Farrell, James Patrick Milner, Rt. Hn. Sir Frederick G. Tennant, Harold John
Fenvick, Charles Mitchell, Edw. Fermanagh, N. Thomas, Sir A.(Glamorgan, E.)
Ferguson, R. C. Munro (Leith) Mooney, John J. Thomas, David Alfred (Merthyr
Field, William Morgan, J. Lloyd (Carmarthen) Thomas,J A (Glamorgan,Gower
Findlay, Alexander (Lanark, N E Moss, Samuel Thomson, F. W. (York, W. R.)
Fisher, William Hayes Moulton, John Fletcher Tillett, Louis John
Fitzmaurice, Lord Edmond Murphy, John Tomkinson, James
Flynn, James Christopher Nannetti, Joseph P. Toulmin, George
Foster, Sir Walter (Derby Co.) Newnes, Sir George Trevelyan, Charles Philips
Fowler, Rt. Hon. Sir Henry Nolan, Joseph (Louth, South) Ure, Alexander
Freeman-Thomas, Captain F. Norman, Henry Waldron, Laurence Ambrose
Furness, Sir Christopher Norton, Capt. Cecil William Wallace, Robert
Gilhooly, James Nussey, Thomas Willans Walton, Joseph (Barnsley)
Gladstone, Rt Hn. Herbert John O'Brien, James F. X. (Cork Warner, Thomas Courtenay T.
Goddard, Daniel Ford O'Brien, Kendal (Tipperary Mid Wason, Eugene (Clackmannan)
Gray, Ernest (West Ham) O Brien, Patrick (Kilkenny) Wason,John Cathcart (Orkney)
Guest, Hon. Ivor Churchill O Brien, P. J. (Tipperary, N. Webb, Col. Wm. George
Haldane, Rt. Hon. Richard B. O Connor, James (Wicklow, W Weir, James Galloway
Hardie,J.Keir (Merthyr Tydvil O Connor, John (Kildare, N.) White, George (Norfolk)
Harmsworth, R. Leicester O Connor, T. P. (Liverpool White, Luke (York, E. R.)
Harrington, Timothy O Donnell, John (Mayo, S.) White, Patrick (Meath, North)
Harwood, George O Dowd, John Whiteley, George (York, W. R.)
Hatch, Ernest Frederick Geo. O'Kelly, Conor (Mayo, N.) Whiteley, H. (Ashton und. Lyne
Hayden, John Patrick O'Kelly, James (Roscommon, N Whitley, J. H. (Halifax)
Hayter, Rt. Hon. Sir Arthur D. O'Malley, William Williams, Osmond (Merioneth)
Healy, Timothy Michael O'Shaughnessy, P. J. Wills, Arthur Walters (N. Dorset
Helder, Augustus Parrott, William Wilson, J. W. (Worcestersh. N.)
Helme, Norval Watson Partington, Oswald Woodhouse, Sir J T. (Huddersf'd
Hemphill, Rt. Hon. Charles H. Paulton, James Mellor Young, Samuel
Henderson, Arthur (Durham) Pemberton, John S. G. Yoxall, James Henry
Higham, John Sharpe Pirie, Duncan, V.
Hobhouse, C. E. H. (Bristol, E. Power, Patrick Joseph TELLEKS FOR THE AYES—
Holland, Sir William Henry Priestley, Arthur Mr. Whittaker and Mr.
Hope, John Deans (Fife, West) Randles, John S. John Wilson (Durham).
Horniman, Frederick John Rea, Russell
Acland-Hood, Capt. Sir Alex. F. Finlay, Sir R. B. (Inv'rn'ss B'ghs Moore, William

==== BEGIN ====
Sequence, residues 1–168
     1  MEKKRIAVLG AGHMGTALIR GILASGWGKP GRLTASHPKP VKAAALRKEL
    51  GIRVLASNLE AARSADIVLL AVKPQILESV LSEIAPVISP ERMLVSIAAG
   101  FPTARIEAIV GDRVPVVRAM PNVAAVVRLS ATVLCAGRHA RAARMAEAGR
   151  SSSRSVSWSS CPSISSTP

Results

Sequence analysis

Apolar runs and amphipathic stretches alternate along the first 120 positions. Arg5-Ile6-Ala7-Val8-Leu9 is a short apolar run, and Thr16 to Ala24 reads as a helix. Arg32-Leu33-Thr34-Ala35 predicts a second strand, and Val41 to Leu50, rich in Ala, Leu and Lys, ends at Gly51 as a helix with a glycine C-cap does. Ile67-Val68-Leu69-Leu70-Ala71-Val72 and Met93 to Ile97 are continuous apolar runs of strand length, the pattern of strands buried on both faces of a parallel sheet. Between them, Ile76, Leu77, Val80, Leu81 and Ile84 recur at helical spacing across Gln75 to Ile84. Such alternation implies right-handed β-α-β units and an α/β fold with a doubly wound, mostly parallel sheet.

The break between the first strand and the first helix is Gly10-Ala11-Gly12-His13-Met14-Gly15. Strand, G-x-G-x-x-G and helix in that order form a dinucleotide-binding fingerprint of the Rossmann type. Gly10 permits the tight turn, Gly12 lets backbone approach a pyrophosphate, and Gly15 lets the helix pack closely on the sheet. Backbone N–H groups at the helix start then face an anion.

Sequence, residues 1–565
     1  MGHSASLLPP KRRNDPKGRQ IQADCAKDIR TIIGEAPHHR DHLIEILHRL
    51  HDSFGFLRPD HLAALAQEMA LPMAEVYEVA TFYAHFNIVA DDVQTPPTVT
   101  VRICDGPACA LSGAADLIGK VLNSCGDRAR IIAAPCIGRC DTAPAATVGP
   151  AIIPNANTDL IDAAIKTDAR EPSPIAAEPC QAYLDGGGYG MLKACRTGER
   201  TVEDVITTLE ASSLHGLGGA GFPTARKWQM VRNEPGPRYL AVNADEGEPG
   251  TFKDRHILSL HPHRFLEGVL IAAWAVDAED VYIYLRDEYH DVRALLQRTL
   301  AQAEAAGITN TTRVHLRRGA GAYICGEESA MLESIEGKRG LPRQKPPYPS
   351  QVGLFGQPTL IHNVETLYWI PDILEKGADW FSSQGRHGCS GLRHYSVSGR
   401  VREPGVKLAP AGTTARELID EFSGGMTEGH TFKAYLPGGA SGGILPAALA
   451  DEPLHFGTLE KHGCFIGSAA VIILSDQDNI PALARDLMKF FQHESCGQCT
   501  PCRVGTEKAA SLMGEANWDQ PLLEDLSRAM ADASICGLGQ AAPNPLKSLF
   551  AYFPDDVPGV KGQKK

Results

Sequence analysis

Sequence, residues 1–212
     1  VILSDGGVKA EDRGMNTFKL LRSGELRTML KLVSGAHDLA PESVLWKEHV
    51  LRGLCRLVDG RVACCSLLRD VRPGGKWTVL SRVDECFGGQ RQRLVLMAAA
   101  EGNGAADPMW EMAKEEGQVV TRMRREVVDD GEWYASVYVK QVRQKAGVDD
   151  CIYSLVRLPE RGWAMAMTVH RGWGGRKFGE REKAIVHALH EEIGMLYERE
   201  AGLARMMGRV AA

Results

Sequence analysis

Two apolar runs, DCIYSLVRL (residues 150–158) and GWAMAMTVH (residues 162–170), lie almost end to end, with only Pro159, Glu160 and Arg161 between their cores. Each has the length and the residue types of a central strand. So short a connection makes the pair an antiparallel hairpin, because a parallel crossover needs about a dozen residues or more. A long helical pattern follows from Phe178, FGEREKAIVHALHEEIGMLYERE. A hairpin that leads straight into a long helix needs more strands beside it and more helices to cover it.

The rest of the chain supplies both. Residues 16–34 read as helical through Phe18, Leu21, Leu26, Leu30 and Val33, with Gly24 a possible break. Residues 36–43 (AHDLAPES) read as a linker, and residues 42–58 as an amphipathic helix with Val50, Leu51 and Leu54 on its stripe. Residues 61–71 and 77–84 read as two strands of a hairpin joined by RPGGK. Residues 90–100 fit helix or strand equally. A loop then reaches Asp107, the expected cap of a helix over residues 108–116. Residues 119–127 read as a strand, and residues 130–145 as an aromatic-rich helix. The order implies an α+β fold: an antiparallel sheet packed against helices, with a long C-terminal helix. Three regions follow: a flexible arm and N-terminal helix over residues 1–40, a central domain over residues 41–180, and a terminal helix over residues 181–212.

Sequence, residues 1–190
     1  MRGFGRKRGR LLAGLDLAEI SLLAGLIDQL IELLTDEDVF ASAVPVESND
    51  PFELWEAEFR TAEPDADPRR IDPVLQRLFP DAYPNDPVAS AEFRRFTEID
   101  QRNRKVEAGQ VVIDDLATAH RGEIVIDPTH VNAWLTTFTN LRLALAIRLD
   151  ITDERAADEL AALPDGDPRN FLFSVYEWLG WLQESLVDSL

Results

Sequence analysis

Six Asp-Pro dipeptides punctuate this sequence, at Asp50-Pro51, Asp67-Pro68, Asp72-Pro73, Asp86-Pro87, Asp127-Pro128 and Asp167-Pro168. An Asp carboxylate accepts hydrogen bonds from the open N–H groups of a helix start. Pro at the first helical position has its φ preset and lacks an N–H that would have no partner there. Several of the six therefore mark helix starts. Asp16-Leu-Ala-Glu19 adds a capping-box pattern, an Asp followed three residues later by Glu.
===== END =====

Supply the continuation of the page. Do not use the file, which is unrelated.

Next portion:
Agnew, Sir Andrew Noel Fison, Frederick William Morgan David J. (Walthamstow
Allsopp, Hon. George Forster, Henry William Morton, Arthur H. Aylmer
Anson, Sir William Reynell Foster, Philip S. (Warwick, S. W. Nicholson, William Graham
Arrol, Sir William Galloway, William Johnson Peel, Hn. Wm. Robert Wellesley
Atkinson, Rt. Hon. John Garfit, William Pilkington, Colonel Richard
Bagot, Capt. Josceline FitzRoy Gibbs, Hon. A. G. H. Platt-Higgins, Frederick
Baird, John George Alexander Gordon, Hn. J. E. (Elgin & Nairn) Plummer, Sir Walter R.
Balcarres, Lord Goulding, Edward Alfred Powell, Sir Francis Sharp
Balfour,Rt Hn Gerald W. (Leeds Graham, Henry Robert Pryce-Jones, Lt. -Col. Edward
Barry, Sir Francis T. (Windsor) Greene, Sir E W (B'rySEdm'nds Rankin, Sir James
Beach,Rt.Hn Sir Michael Hicks Greene, Henry D. (Shrewsbury) Reid, James (Greenock)
Bignold, Sir Arthur Grenfell, William Henry Remnant, James Farquharson
Bigwood, James Greville, Hon. Ronald Renshaw, Sir Charles Bine
Bill, Charles Halsey, R. Hon. Thomas F. Ridley, S. Forde
Bingham, Lord Hamilton, Rt Hn Lord G.(Midd'x Roberts, Samuel (Sheffield)
Blundell, Colonel Henry Hardy, Laurence (Kent, Ashford Rothschild, Hon. Lionel Walter
Boscawen, Arthur Griffith Heath Sir James (Staffords, N W Round, Rt. Hon. James
Brodrick, Rt. Hon. St. John Henderson, Sir A.(Stafford, W.) Royds, Clement Molyneux
Brown, Sir Alex. H. (Shropsh.) Hermon-Hodge, Sir Robert T. Sackville, Col. S. G. Stopford-
Campbell, Rt. Hn. J. A (Glasgow Hickman, Sir Alfred Seely, Charles Hilton (Lincoln)
Carson, R. Hon. Sir Edw. H. Hornby, Sir William Henry Sharpe, William Edward T.
Cautley, Henry Strother Houldsworth, Sir Wm. Henry Shaw-Stewart Sir H.(Renfrew)
Cavendish, V. C. W. (Derbyshire Hoult, Joseph Simeon, Sir Barrington
Cecil, Evelyn (Aston Manor) Howard, J. (Midd., Tottenham Sinclair, Louis (Romford)
Cecil, Lord Hugh (Greenwich) Jessel, Captain Herbert Merton Stewart, Sir Mark J. M'Taggart
Clive, Captain Percy A. Kennaway, Rt. Hn. Sir John H. Talbot, Rt Hn. J. G. (Oxf'd Univ.
Cochrane, Hon. Thos. H. A. E. Kenyon-Slaney, Rt. Hn. Col. W. Thorburn, Sir Walter
Coghill, Douglas Harry Kerr, John Thornton, Percy M.
Collings, Rt. Hon. Jesse Keswick, William Tomlinson, Sir Wm. Edw. M.
Colston, Chas. Edw. H. Athole Kimber, Sir Henry Turf, Charles
Cook, Sir Frederick Lucas King, Sir Henry Seymour Tuke, Sir John Batty
Corbett, T. L. (Down, North) Knowles, Sir Lees Valentia, Viscount
Craig, Chas. Curtis (Antrim, S. Laurie, Lieut. -General Welby, Lt. -Col. A. C. E (Taunton
Crossley, Rt. Hon. Sir Savile Lawrence, Wm. F. (Liverpool) Whitmore, Charles Algernon
Cubitt, Hon. Henry Lawson, John Grant(Yorks, N. R Williams, Colonel R. (Dorset)
Dalrymple, Sir Charles Lees, Sir Elliott (Birkenhead) Willoughby de Eresby, Lord
Davenpot, William Bromley Legge, Col. Hon. Heneage Wills, Sir Frederick (Bristol, N.)
Dickson, Charles Scott Leveson-Gower, Frederick N. S. Wilson, A. Stanley (York, E. R.)
Dimsdale, Rt. Hn. Sir Joseph C. Llewellyn, Evan Henry Wilson-Todd, Sir W. H. (Yorks.)
Dixon-Hartland, Sir Fred Dixon Lockwood, Lieut. -Col. A. R. Wodehouse, Rt. Hn. E. R. (Bath
Dorington, Rt. Hn. Sir John E. Lonsdale, John Brownlee Wolff, Gustav Wilhelm
Douglas, Rt. Hon. A. Akers Lucas Reginald J.(Portsmouth) Worsley-Taylor, Henry Wilson
Doxford, Sir William Theodore Lyttelton, Rt. Hon. Alfred Wortley, Rt. Hn. C. B. Stuart
Duke, Henry Edward MacIver, David (Liverpool) TELLERS FOR THE NOES—
Egerton, Hon. A. de Tatton Maconochie, A. W. Sir Thomas Wrightson and
Fergusson, Rt. Hn. Sir J (Manc'r Maseey-Mainwaring, Hn. W. F. Sir Frederick Banbury.
Fielden, Edward Brocklehurst Maxwell, W. J. H (Dumfriesshire
Finch, Rt. Hon. George H. Moon, Edward Robert Pacy

Question put accordingly, and agreed to.

Main Question again proposed.

And, it being after half-past Five of the clock, and objection being taken to further proceeding, Mr. Speaker proceeded to interrupt the Business.

Whereupon Mr. WHITTAKER rose in his place, and claimed to move "That the Question be now put."

Question proposed, "That the Question be now put."

SIR FREDERICK BANBURY (Camberwell, Peckham)

pointed out that the hon. Member did not claim the Main Question until after Mr. Speaker had put the Question from the Chair.


said he put the Question from the Chair and if no one had objected it would have gone through. But as an hon. Member rose to continue the debate I was about to interrupt the business, and the closure could be moved.

Bill committed to the Standing Committee on Law, etc.

Forward to